These men will be composed, as we are, of a soul and body. First I must describe the body on its own; then the soul, again on its own; and finally I must show how these two natures would have to be joined and united in order to constitute men who resemble us. (CSM I, 98)
Since Descartes died before he had completed even the first of these three stages, La Forge decided to fill the lacuna by developing what Descartes would have written about the human mind and its union with the body had he had time to complete his work, and he did so by borrowing extensively from Descartes' work. The result was the Traité de l'Esprit de l'Homme, which was composed in parallel with La Forge's commentary on Descartes' Traité de l'Homme, and in which he referred on numerous occasions to a work in progress on the human mind (H 172, 262, 299, 315, 334, 335). This treatise was eventually printed in Paris in November 1665, although the publication date on the title page was 1666.
There is no official record of La Forge's death. However, Clerselier confirmed in the preface to the third volume of Descartes' correspondence (which was printed in September 1666) that La Forge had died soon after publishing his Traité de l'Esprit de l'Homme (Clerselier 1667: Preface ã2). It seems likely that he died sometime in early 1666, at the age of thirty-three.
La Forge endorsed fully Descartes' critique of the use of faculties or powers in scholastic explanations. He reported that, for example, many physicians attributed the beating of the heart to a pulsific faculty of the soul, and added:
one cannot deny that the heart has a faculty of beating since it does indeed beat … however, here and in many other places this word [faculty] is useless and does nothing to explain how the thing occurs. (H 183)
Likewise he asked:
does one really explain the cause of diarrhoea, for example, by saying that it results either from the fact that the expulsive faculty of the intestines is irritated or that their retentive faculty is weak? Is that not the same as saying, in good French, that I know nothing about it? (H 217)
He argued that all appeals to faculties and powers were nothing more than re-descriptions, in general terms, of what needs to be explained.
In physiology, La Forge supported an alternative Cartesian model of explanation in terms of parts of matter in motion which, when linked together by contact action, form a machine.
By the word “machine” one cannot understand anything other than a body composed of many organic parts, which, united together, combine to produce some movements that they would be incapable of producing if they were separated. (H 173)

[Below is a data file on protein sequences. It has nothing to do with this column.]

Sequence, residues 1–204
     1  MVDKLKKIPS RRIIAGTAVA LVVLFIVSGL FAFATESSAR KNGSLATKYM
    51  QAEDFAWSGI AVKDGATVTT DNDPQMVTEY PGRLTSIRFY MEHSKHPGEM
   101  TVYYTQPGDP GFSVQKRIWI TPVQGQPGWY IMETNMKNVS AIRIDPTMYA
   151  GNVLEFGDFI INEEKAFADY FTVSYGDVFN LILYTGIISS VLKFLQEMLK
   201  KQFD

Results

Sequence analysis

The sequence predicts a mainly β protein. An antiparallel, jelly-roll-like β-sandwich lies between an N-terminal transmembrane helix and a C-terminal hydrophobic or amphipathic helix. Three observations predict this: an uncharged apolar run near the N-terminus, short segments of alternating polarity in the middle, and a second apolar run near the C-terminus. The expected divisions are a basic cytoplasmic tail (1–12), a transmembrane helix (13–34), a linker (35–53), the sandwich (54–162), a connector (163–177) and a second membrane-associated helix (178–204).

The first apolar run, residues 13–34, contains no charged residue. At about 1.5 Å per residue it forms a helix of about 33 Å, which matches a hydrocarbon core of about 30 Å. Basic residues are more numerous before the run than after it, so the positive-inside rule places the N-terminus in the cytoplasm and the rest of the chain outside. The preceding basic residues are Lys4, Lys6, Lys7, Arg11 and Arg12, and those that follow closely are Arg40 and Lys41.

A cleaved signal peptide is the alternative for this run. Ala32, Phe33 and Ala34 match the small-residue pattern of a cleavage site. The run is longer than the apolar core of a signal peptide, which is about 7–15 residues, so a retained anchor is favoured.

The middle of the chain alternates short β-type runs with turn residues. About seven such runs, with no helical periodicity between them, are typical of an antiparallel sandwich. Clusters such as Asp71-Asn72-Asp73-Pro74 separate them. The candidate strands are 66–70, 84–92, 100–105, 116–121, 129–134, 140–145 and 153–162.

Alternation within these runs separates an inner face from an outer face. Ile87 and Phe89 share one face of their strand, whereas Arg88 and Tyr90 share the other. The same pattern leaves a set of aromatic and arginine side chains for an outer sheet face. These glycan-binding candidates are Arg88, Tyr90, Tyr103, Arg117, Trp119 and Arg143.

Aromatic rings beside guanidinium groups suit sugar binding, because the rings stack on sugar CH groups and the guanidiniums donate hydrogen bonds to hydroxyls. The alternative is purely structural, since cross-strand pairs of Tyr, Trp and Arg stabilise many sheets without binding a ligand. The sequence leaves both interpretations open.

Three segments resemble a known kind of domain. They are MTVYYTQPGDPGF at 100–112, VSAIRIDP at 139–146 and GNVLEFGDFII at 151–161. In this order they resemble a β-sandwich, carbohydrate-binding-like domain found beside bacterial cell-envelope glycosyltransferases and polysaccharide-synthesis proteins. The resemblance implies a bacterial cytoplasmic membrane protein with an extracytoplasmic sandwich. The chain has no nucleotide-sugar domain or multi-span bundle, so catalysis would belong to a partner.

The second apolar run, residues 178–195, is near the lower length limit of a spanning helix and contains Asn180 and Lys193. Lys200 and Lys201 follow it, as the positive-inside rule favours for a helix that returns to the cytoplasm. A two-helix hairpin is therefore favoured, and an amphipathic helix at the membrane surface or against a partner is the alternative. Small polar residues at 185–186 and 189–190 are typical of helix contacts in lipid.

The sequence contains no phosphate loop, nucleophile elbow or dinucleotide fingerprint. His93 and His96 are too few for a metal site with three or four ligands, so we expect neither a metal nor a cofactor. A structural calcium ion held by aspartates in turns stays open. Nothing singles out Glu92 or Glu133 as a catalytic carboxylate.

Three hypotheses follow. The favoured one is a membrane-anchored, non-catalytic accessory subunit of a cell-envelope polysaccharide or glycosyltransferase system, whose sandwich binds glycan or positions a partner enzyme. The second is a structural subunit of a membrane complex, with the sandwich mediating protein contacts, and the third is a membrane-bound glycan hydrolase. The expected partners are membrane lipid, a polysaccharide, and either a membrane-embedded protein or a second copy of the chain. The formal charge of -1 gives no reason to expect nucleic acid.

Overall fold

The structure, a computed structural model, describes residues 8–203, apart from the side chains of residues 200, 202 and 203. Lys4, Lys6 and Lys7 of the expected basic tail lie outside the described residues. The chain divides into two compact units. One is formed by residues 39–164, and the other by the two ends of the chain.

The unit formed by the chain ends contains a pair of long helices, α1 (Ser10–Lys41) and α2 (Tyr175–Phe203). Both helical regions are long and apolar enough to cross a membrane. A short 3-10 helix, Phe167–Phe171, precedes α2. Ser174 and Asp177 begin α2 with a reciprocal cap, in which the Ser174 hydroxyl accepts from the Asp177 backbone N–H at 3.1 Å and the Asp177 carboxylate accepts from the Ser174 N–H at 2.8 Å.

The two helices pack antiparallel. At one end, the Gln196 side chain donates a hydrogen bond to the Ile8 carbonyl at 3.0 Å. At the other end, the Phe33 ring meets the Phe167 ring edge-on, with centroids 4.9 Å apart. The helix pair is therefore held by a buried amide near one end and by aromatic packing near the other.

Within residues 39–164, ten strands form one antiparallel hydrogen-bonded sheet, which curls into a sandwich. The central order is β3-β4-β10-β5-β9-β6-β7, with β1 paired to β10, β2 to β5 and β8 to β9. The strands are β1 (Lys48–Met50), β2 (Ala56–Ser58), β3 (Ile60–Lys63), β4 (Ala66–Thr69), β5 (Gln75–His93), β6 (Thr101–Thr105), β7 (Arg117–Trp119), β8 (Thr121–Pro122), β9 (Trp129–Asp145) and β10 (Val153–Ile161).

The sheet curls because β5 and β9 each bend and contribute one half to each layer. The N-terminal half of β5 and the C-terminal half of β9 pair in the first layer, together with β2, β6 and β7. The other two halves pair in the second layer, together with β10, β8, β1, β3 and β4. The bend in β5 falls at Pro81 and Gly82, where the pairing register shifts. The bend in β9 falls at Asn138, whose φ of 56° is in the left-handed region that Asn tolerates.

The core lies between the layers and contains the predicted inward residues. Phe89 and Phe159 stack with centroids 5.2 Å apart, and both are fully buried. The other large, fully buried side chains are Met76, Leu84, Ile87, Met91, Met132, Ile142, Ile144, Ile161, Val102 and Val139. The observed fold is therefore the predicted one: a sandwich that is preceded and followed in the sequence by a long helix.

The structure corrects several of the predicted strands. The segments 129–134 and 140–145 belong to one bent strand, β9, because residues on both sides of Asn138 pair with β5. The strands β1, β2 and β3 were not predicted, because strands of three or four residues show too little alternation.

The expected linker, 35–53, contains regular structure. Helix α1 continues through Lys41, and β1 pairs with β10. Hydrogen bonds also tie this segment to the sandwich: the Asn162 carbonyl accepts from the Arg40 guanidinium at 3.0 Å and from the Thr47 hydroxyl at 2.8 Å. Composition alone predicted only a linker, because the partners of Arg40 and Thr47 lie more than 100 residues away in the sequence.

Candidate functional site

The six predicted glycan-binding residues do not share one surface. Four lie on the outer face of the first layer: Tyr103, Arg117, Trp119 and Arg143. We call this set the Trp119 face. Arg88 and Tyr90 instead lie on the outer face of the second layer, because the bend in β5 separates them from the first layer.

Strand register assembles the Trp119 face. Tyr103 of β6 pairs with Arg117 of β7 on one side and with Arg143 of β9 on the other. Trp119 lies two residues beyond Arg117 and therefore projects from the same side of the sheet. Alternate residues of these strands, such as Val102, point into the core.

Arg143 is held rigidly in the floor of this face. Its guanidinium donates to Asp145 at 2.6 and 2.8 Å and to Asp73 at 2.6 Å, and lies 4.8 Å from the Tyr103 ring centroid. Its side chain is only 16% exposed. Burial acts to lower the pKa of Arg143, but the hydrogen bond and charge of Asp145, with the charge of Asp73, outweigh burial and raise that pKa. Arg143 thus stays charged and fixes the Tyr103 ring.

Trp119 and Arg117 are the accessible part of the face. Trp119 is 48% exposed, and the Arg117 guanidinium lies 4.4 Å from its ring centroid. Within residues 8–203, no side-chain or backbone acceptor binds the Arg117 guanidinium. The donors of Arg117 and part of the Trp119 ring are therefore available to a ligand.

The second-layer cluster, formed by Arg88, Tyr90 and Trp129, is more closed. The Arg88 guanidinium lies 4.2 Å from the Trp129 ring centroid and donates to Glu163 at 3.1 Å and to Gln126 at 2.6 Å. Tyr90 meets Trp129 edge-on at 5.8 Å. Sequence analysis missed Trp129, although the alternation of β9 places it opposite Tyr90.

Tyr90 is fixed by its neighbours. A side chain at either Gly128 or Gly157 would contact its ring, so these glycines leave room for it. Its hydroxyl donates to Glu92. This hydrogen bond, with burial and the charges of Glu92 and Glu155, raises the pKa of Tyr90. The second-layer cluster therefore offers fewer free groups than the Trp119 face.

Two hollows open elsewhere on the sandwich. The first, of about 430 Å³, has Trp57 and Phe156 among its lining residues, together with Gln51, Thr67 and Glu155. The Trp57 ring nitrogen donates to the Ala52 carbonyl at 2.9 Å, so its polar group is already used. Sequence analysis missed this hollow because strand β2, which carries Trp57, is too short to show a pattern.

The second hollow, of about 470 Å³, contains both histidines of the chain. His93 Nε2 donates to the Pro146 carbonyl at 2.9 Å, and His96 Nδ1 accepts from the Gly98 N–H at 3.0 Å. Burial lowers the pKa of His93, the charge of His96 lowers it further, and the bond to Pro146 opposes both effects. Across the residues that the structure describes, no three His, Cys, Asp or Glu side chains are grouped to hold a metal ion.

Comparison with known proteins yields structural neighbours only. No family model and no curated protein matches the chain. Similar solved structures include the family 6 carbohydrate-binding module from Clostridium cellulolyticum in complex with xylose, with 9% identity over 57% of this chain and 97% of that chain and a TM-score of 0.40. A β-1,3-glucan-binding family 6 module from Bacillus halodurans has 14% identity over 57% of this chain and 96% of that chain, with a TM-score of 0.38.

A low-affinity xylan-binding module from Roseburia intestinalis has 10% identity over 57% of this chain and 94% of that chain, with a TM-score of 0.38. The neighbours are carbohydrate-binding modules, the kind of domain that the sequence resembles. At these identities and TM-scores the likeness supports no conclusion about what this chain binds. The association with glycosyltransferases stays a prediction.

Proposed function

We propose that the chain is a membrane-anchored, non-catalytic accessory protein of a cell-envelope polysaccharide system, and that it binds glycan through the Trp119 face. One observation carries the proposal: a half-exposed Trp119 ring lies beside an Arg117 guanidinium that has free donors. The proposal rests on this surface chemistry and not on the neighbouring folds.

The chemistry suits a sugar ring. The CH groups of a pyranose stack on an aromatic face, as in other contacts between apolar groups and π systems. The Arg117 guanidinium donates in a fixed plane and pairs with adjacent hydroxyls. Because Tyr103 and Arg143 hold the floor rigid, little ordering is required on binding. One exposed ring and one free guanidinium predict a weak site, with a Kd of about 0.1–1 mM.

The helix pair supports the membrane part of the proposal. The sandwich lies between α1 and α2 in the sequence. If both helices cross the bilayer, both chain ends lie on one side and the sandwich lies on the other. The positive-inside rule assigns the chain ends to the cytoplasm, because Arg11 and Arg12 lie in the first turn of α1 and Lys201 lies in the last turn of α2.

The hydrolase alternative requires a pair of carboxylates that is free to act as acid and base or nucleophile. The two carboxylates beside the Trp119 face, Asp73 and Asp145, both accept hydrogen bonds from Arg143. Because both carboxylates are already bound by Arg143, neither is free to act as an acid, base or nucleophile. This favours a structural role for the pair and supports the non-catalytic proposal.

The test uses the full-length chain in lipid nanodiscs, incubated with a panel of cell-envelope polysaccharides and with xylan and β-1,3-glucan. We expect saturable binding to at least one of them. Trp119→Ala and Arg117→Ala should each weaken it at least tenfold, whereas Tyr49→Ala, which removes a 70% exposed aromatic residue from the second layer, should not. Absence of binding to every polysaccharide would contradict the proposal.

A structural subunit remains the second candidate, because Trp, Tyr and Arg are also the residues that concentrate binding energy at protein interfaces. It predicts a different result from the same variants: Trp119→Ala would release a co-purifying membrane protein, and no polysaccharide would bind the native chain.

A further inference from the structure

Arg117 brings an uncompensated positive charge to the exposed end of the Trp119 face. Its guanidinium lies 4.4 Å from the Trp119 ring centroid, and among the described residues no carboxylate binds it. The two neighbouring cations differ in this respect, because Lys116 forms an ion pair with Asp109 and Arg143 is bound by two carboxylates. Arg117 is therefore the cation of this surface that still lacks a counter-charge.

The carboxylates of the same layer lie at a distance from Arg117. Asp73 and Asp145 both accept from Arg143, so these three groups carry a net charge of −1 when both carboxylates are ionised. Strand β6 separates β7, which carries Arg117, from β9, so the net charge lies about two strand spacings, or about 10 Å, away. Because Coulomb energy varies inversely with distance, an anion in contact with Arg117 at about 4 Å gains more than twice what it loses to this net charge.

This concept of a machine applies
not only to watches or other automata … but to the human body and that of all animals, and even the whole universe could be considered a machine. (H 173)
Accordingly, the disciples of Descartes
try to explain everything that occurs in an animal in the same way as the movements of an automaton occur. (H 335)
The same principle had been identified by critics of Cartesianism as one of its major defects rather than one of its strengths.
Assuming that the motions and interactions of parts of matter are sufficient to explain the human body, La Forge acknowledges that the enterprise must be hypothetical, and that hypotheses cannot be restricted to what is visible to the naked eye.
We would be very ignorant if we had to doubt everything that we do not see … one surely sees that the Sun and the Moon are sometimes in the East … and sometimes in the West, but one has never seen them move there; nevertheless almost no one doubts their movement. (H 217)
For similar reasons, one should not reject Descartes' assumptions about parts of matter in motion in the human body (such as animal spirits or the nerves) simply because, given their size, they are unobservable. Although Descartes and La Forge were attempting to describe parts of the human body and their motions before the invention of the microscope, the methodological issue involved would not have changed even if the threshold of observability had been reduced by optical instruments: the Cartesian theory of explanation supported the postulation of unobservable particles of matter to explain visible effects whenever they were thought necessary. Their explanatory role justified their hypothetical postulation.
This required La Forge to address the topical question about how, and the extent to which, explanatory hypotheses may be confirmed. He offered the same solution that was supported by other natural philosophers in the seventeenth century, such as Robert Boyle or Christiaan Huygens:
However, hypotheses are not only probable but also indubitable when they explain something very clearly and easily, when our senses do not contradict them, when reason shows that the phenomenon in question could not occur otherwise and it is deduced from principles that are certain, and when the hypotheses serve not only to explain one single effect but many different and even distinct effects; for it would be impossible for hypotheses not to be found defective in some situation if they were not true. (H 218)